Linkage of usher syndrome type I gene (USH1B) to the long arm of chromosome 11

W. J. Kimberling, C. G. Möller, S. Davenport, I. A. Priluck, P. H. Beighton, J. Greenberg, W. Reardon, Michael Weston, J. B. Kenyon, J. A. Grunkemeyer, S. Pieke Dahl, L. D. Overbeck, D. J. Blackwood, A. M. Brower, D. M. Hoover, P. Rowland, R. J H Smith

Research output: Contribution to journalArticle

122 Citations (Scopus)

Abstract

Usher syndrome is the most commonly recognized cause of combined visual and hearing loss in technologically developed countries. There are several different types and all are inherited in an autosomal recessive manner. There may be as many as five different genes responsible for at least two closely related phenotypes. The nature of the gene defects is unknown, and positional cloning strategies are being employed to identify the genes. This is a report of the localization of one gene for Usher syndrome type I to chromosome 11q, probably distal to marker D11S527. Another USH1 gene had been previously localized to chromosome 14q, and this second localization establishes the existence of a new and independent locus for Usher syndrome.

Original languageEnglish
Pages (from-to)988-994
Number of pages7
JournalGenomics
Volume14
Issue number4
DOIs
StatePublished - 1992
Externally publishedYes

Fingerprint

Usher Syndromes
Chromosomes, Human, Pair 11
Genes
Chromosomes
Hearing Loss
Developed Countries
Organism Cloning
Phenotype

All Science Journal Classification (ASJC) codes

  • Genetics

Cite this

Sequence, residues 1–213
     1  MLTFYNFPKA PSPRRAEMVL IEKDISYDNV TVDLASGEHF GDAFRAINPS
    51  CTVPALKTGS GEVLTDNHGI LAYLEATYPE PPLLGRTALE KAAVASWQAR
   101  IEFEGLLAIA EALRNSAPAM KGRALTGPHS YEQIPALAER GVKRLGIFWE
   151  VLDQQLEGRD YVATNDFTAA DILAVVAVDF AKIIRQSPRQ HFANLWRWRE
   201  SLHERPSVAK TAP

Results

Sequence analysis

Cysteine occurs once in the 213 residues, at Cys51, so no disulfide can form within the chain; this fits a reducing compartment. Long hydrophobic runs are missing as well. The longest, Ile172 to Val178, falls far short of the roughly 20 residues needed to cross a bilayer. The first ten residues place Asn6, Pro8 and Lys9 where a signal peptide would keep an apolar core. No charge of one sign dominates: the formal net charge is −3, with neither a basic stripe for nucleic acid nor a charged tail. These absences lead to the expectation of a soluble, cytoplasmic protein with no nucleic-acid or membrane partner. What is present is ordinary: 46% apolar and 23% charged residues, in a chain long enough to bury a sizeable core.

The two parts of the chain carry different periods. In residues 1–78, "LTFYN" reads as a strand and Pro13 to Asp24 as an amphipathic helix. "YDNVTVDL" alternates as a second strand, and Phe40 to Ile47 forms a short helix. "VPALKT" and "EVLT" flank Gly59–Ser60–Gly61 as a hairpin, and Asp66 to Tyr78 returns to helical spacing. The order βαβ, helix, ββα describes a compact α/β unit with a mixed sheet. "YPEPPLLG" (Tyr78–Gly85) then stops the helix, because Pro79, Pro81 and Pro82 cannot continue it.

Kimberling, W. J., Möller, C. G., Davenport, S., Priluck, I. A., Beighton, P. H., Greenberg, J., ... Smith, R. J. H. (1992). Linkage of usher syndrome type I gene (USH1B) to the long arm of chromosome 11. Genomics, 14(4), 988-994. https://doi.org/10.1016/S0888-7543(05)80121-1

Linkage of usher syndrome type I gene (USH1B) to the long arm of chromosome 11. / Kimberling, W. J.; Möller, C. G.; Davenport, S.; Priluck, I. A.; Beighton, P. H.; Greenberg, J.; Reardon, W.; Weston, Michael; Kenyon, J. B.; Grunkemeyer, J. A.; Pieke Dahl, S.; Overbeck, L. D.; Blackwood, D. J.; Brower, A. M.; Hoover, D. M.; Rowland, P.; Smith, R. J H.

In: Genomics, Vol. 14, No. 4, 1992, p. 988-994.

Research output: Contribution to journalArticle

Kimberling, WJ, Möller, CG, Davenport, S, Priluck, IA, Beighton, PH, Greenberg, J, Reardon, W, Weston, M, Kenyon, JB, Grunkemeyer, JA, Pieke Dahl, S, Overbeck, LD, Blackwood, DJ, Brower, AM, Hoover, DM, Rowland, P & Smith, RJH 1992, 'Linkage of usher syndrome type I gene (USH1B) to the long arm of chromosome 11', Genomics, vol. 14, no. 4, pp. 988-994. https://doi.org/10.1016/S0888-7543(05)80121-1
Kimberling WJ, Möller CG, Davenport S, Priluck IA, Beighton PH, Greenberg J et al. Linkage of usher syndrome type I gene (USH1B) to the long arm of chromosome 11. Genomics. 1992;14(4):988-994. https://doi.org/10.1016/S0888-7543(05)80121-1
Kimberling, W. J. ; Möller, C. G. ; Davenport, S. ; Priluck, I. A. ; Beighton, P. H. ; Greenberg, J. ; Reardon, W. ; Weston, Michael ; Kenyon, J. B. ; Grunkemeyer, J. A. ; Pieke Dahl, S. ; Overbeck, L. D. ; Blackwood, D. J. ; Brower, A. M. ; Hoover, D. M. ; Rowland, P. ; Smith, R. J H. / Linkage of usher syndrome type I gene (USH1B) to the long arm of chromosome 11. In: Genomics. 1992 ; Vol. 14, No. 4. pp. 988-994.
@article{fdc33ef63e5c4e6ebf0953b8a9851251,
title = "Linkage of usher syndrome type I gene (USH1B) to the long arm of chromosome 11",